February 24, 2014

Let's be honest about T20

The format generally, and the IPL particularly, is all about fun and entertainment. It isn't an exacting test of skill

Mohammad Hafeez's analysis of the benefits of the IPL haven't convinced too many © AFP

Without T20 cricket, would we have to contend with the monstrosity of the Big Three? The IPL has much to answer for. It's a money game but players tell us they prefer not to focus on the financial perks. Kevin Pietersen once claimed that India's T20 spectacle helped his game. The massive salary without doubt helped too. Now Mohammad Hafeez, a batsman of inferior quality but bearing similarities in frustration, has lamented the exclusion of Pakistan's cricketers. The IPL, he says, is a great arena to test and develop your skills.

In his defence, Hafeez needs help. His career reflects the modern state of Pakistan cricket. Bizarre selection, minimal development, and arguable progress. Aamer Sohail, the man who oversold Hafeez to a bewildered public in his first stint as chief selector lasted barely a week this time around. Hafeez's potential, if you believe he possesses it, has been trapped for a decade. If you haven't managed to deliver in that time, despite generous opportunities, the odds are stacked against you.

T20 cricket, the least challenging of cricket's disciplines, is unsurprisingly Hafeez's forte. No wonder he craves more. His wish to appear again in the IPL seems unlikely to be met. The tragedy of Hafeez may be that the hero inside himself never landed a leading role on the IPL stage.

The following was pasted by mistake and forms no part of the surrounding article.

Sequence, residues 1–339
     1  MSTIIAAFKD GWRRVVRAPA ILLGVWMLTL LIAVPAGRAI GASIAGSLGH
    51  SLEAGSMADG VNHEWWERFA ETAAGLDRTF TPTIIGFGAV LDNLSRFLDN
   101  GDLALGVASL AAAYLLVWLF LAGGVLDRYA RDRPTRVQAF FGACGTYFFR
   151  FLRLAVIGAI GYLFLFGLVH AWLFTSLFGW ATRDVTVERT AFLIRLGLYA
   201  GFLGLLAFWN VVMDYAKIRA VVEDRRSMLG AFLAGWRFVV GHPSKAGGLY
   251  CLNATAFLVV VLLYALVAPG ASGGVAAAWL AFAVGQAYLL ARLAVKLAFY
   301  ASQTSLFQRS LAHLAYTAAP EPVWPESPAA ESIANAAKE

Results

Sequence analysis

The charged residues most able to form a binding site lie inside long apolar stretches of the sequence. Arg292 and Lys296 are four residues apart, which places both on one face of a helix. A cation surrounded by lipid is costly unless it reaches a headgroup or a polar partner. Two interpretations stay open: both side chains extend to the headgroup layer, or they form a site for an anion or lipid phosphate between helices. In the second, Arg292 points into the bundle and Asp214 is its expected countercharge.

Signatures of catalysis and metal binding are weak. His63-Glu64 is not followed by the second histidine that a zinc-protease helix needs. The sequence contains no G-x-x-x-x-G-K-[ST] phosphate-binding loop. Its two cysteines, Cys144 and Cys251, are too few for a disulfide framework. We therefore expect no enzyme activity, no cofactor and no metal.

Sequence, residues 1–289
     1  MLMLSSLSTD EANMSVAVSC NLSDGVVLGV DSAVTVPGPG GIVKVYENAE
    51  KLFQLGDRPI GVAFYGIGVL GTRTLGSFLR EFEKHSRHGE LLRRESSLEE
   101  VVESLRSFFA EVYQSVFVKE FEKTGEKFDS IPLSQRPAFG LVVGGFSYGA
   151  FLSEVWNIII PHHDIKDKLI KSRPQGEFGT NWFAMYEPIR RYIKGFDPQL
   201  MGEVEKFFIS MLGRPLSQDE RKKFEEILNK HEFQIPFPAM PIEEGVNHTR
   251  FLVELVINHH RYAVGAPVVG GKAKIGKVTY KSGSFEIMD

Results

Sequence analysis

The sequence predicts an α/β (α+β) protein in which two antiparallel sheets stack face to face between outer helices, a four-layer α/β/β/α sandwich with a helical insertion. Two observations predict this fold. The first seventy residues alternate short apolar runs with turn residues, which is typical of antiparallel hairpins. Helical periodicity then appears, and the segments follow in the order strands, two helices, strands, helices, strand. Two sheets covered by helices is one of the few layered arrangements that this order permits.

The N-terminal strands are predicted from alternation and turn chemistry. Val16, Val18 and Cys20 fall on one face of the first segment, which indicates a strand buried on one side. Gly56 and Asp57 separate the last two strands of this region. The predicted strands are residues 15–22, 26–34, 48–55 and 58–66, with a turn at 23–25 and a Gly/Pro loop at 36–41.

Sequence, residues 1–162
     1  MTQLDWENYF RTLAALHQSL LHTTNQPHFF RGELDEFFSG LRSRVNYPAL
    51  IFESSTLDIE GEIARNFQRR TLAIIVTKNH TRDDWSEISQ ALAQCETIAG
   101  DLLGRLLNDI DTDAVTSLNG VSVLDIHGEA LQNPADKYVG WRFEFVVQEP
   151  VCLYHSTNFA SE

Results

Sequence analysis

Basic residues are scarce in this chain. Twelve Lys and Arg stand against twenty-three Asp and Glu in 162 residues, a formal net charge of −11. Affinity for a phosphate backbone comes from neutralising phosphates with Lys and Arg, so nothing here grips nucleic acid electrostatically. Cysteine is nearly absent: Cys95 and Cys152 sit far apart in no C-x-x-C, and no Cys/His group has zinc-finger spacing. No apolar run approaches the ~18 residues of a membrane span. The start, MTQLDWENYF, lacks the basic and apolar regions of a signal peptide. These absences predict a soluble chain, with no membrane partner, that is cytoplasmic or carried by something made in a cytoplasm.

Indeed, the Professor's analysis of the cricketing benefits of the IPL are unpersuasive. His hypothesis sprang from his heart not his brain. Auctions, especially human ones, are designed to appeal to our basest instincts, and Hafeez felt love for this year's spectacle.

It is debatable whether the IPL offers any benefit for player development. India aren't dominant in T20 cricket. Pakistan won a T20 World Cup during this period of exclusion. The boundaries are short. The wickets are flat. The bowlers are generally friendly, and any that aren't have only four overs to hurt you. Most importantly, the money is banked. What's left is tamasha.

And that's the point. I do object to the IPL on the basis that it deliberately or subconsciously refuses to consider players from certain nations. Pakistan invariably, and this time Sri Lanka too. This is unfair. I do object to the IPL on the basis that players pretend that it is some grand examination, a finishing school for the elite. That's patently nonsense. But I don't object to the tamasha.

If only more people were more honest about it. T20 generally, and the IPL particularly, is all about fun and entertainment. It isn't an exacting test of skill. Its purpose is to make money for cricket boards, cricketers, and others. T20 cricket is a bookies paradise. And we now know how much money matters. Incidentally, the IPL also provides enjoyment to spectators. Why not call it what it is then? A tamasha. Call it a tamasha and value it for being one.

"It's fun cricket," said Younis Khan on winning the 2009 T20 World Cup at Lord's, and in the next breath he perceptively stooped further, labelling it WWE. Nobody wants their occupation to be trivialised, but, ironically, talking up T20 cricket and the IPL devalues them. Fun has its place in our lives too, although a proper tamasha is better for being open to all entertainers, especially the badmashes from across the border.

Kamran Abbasi is an editor, writer and broadcaster. He tweets here